To the 80 million customers of Anthem whose personal information was stolen by hackers, security experts offer this advice: Keep a close eye on your medical-claims statements.
Identity thieves use plundered health-plan data to run up large bills in the victims’ names. Anthem disclosed yesterday, Feb. 4, that names, birth dates, Social Security numbers, medical IDs, street and e-mail addresses, and employee information, including income levels, were stolen in one of the biggest data breaches of a U.S. company.
Identity theft may not have been the main goal of the breach. Federal and private-sector investigators are pursuing evidence that points to Chinese state-sponsored hackers who are stealing personal data from health-care companies to seek information on the personal lives of defense contractors, government workers, and others, according to three people familiar with the probe. Still, the information of tens of millions of others has been compromised and can’t be considered safe.
Anthem, the second-largest insurer in the U.S. by market value, is only the latest to fall victim to hackers. Attacks on the industry have increased sevenfold in the past year, according to Websense, a cybersecurity firm.
Anthem is mailing information to the affected members on how to access free credit-monitoring and identity-protection services. It has also set up a website and toll-free number to answer questions.
Plan members can't do anything right now to be 100 percent sure their identity won't be swiped.
But if you're an Anthem member, here’s what you can do.
Watch for bogus billing
Consumers’ best defense will be the insurer's vigilance over claims reports for signs of medical-identity theft, according to the security specialists. One of the biggest threats is the possibility of medical-identity theft, in which an impostor steals members’ insurance IDs or Social Security numbers and uses them to rack up thousands of dollars in health-care bills, said Geoff Hancock, chief executive officer of Advanced CyberSecurity Group in Washington.
All it takes to submit a fraudulent claim in many cases is a name, plan member ID number, and date of birth, Hancock said. The bill then gets sent to the person who has had her identity stolen or to her insurer to pick up the tab.
Anthem members should also monitor bank statements, search online for their names and e-mail addresses, and look out for suspicious e-mails, since hackers often sell stolen addresses to malicious spammers sending viruses or fraudulent offers, said Carl Leonard, principal security analyst for Websense.
“This is going to be the year of the health-care data breach,” said Bob Gregg, CEO of ID Experts, which provides a monitoring service that alerts people when medical claims are made in their name. “Health care is going to be the target going forward.”
Medical or health-insurance information can sell for 10 times what a credit card number fetches on the black market, making it a lucrative area for cybercriminals.
Start reading the mail you trash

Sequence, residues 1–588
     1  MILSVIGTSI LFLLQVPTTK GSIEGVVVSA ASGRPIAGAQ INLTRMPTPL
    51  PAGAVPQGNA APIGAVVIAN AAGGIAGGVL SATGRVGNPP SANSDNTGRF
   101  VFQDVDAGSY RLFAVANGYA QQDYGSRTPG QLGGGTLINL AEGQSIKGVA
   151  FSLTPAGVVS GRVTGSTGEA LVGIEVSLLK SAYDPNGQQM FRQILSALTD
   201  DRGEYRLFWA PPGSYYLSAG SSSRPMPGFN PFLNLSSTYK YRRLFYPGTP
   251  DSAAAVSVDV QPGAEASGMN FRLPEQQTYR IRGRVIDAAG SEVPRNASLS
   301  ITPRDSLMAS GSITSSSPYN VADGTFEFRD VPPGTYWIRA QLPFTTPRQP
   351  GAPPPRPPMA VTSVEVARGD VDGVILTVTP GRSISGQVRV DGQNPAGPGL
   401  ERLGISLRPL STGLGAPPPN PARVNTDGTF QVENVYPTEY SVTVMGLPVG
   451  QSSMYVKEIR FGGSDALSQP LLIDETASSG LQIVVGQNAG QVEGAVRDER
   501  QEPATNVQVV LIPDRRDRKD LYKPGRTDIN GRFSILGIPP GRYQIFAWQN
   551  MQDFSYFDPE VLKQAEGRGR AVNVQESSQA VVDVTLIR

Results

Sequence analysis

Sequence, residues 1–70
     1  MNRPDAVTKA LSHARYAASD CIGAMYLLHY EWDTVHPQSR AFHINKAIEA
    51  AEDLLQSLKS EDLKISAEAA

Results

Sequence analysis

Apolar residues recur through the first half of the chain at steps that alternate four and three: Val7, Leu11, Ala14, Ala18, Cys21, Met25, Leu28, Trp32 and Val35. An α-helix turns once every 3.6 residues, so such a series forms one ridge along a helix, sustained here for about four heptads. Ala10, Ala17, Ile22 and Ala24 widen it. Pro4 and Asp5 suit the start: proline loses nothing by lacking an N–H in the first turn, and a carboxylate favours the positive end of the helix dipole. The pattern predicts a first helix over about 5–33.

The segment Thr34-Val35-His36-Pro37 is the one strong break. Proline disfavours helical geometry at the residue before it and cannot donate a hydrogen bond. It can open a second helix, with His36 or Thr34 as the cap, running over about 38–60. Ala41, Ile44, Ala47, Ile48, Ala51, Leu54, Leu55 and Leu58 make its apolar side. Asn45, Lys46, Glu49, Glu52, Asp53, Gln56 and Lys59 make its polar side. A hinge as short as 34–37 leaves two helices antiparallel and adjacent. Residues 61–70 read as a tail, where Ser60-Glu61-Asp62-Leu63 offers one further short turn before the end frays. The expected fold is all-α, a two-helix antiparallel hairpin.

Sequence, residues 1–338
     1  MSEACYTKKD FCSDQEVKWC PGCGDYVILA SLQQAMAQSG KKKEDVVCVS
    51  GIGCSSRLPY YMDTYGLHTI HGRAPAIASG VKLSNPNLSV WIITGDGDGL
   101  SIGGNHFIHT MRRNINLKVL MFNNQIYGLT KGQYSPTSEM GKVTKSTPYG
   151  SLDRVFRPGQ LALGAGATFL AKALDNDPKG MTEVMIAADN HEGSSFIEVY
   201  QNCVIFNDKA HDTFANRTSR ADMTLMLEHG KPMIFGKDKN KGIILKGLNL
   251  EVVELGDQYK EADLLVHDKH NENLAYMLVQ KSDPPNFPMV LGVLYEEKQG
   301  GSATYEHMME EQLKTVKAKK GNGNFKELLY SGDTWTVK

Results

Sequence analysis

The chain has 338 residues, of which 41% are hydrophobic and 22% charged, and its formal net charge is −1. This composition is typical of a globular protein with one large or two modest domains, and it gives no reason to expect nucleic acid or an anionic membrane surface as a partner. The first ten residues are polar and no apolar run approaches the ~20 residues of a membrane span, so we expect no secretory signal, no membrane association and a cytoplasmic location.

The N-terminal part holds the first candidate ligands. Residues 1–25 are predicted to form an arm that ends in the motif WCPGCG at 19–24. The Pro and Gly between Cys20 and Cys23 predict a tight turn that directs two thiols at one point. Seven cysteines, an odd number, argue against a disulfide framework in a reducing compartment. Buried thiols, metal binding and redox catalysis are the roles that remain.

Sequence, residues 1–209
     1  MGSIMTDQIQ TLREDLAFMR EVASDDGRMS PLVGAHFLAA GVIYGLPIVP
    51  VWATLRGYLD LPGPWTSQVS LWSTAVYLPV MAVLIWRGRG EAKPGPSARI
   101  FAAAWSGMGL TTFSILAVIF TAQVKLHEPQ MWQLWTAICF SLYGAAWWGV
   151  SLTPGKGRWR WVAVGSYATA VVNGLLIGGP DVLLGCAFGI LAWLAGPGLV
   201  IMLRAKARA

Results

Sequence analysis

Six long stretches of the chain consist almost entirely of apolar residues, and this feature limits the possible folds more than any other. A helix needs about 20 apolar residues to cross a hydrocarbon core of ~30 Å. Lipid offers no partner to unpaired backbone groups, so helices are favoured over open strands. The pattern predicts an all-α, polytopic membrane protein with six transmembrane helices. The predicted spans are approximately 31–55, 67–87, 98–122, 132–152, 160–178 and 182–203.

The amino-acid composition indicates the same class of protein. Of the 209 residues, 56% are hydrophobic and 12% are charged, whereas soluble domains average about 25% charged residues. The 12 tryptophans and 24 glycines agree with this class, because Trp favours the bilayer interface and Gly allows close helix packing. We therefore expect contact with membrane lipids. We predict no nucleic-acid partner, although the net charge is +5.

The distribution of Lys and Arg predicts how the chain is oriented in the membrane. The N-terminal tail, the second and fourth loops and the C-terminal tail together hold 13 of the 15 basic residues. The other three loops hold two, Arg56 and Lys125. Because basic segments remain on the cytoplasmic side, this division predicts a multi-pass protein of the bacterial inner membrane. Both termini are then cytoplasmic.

With a stolen credit card number, new cards and their numbers can be quickly issued, and the bank takes care of the fraudulent charges. Medical identify theft can cost thousands of dollars, take years to resolve, and leave a lasting mark on a person’s medical record.
More than 1.8 million people had their medical identity stolen in 2013, a 19 percent increase from the previous year, totaling $12 billion in medical costs, according to a study by the Ponemon Institute, a data security research firm in Traverse City, Mich. While the majority of victims have their identity stolen by someone they know, 7 percent of cases were from a data breach, the group found.
About a third of those who had their identity stolen said they incurred out-of-pocket costs averaging more than $18,000 in legal expenses, credit-reporting fees, medical services because of a lapse in health insurance, and payments to health-care providers for services provided to the impostor in their name.
The best way to detect that type of activity is to read closely the “explanation of benefits”—something few people do, said Katherine Keefe, global focus-group leader for breach response services at insurer Beazley. Her company provides cyber insurance to help companies prevent and deal with the aftermath of a cyber attack, and she worked for a major health insurer for more than a decade.
“Scrutinize information that comes back from your health-care providers to make sure, just the way you’d examine your credit card statement, that it is accurate,” said Keefe. “That is one way you can take control of the situation.”
Gregg said it’s crucial to catch fraud early on, since the more claims there are, the harder it can be to resolve. He has seen it take years for patients to get their medical records cleared up.
“The key is to catch it the first time it happens,” Gregg said. “If we can catch the first instance of it, then we can put a stop to it right there.”
-With assistance from Dune Lawrence and Robert Langreth in New York